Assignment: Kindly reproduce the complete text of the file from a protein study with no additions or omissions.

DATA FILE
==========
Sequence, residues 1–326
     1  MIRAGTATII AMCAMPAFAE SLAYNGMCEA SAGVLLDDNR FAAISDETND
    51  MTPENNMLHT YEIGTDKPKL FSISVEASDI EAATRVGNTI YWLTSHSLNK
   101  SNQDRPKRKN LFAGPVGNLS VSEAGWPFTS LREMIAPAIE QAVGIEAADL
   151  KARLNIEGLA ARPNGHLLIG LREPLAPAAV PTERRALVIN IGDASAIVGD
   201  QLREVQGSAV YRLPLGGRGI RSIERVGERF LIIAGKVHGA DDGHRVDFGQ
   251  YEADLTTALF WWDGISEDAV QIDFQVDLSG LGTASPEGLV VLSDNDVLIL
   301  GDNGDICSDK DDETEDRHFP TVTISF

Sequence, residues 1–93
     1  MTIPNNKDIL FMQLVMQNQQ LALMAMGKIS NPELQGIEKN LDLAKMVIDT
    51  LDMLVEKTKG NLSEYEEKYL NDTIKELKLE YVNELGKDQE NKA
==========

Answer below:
Sequence, residues 1–326
     1  MIRAGTATII AMCAMPAFAE SLAYNGMCEA SAGVLLDDNR FAAISDETND
    51  MTPENNMLHT YEIGTDKPKL FSISVEASDI EAATRVGNTI YWLTSHSLNK
   101  SNQDRPKRKN LFAGPVGNLS VSEAGWPFTS LREMIAPAIE QAVGIEAADL
   151  KARLNIEGLA ARPNGHLLIG LREPLAPAAV PTERRALVIN IGDASAIVGD
   201  QLREVQGSAV YRLPLGGRGI RSIERVGERF LIIAGKVHGA DDGHRVDFGQ
   251  YEADLTTALF WWDGISEDAV QIDFQVDLSG LGTASPEGLV VLSDNDVLIL
   301  GDNGDICSDK DDETEDRHFP TVTISF

Sequence, residues 1–93
     1  MTIPNNKDIL FMQLVMQNQQ LALMAMGKIS NPELQGIEKN LDLAKMVIDT
    51  LDMLVEKTKG NLSEYEEKYL NDTIKELKLE YVNELGKDQE NKA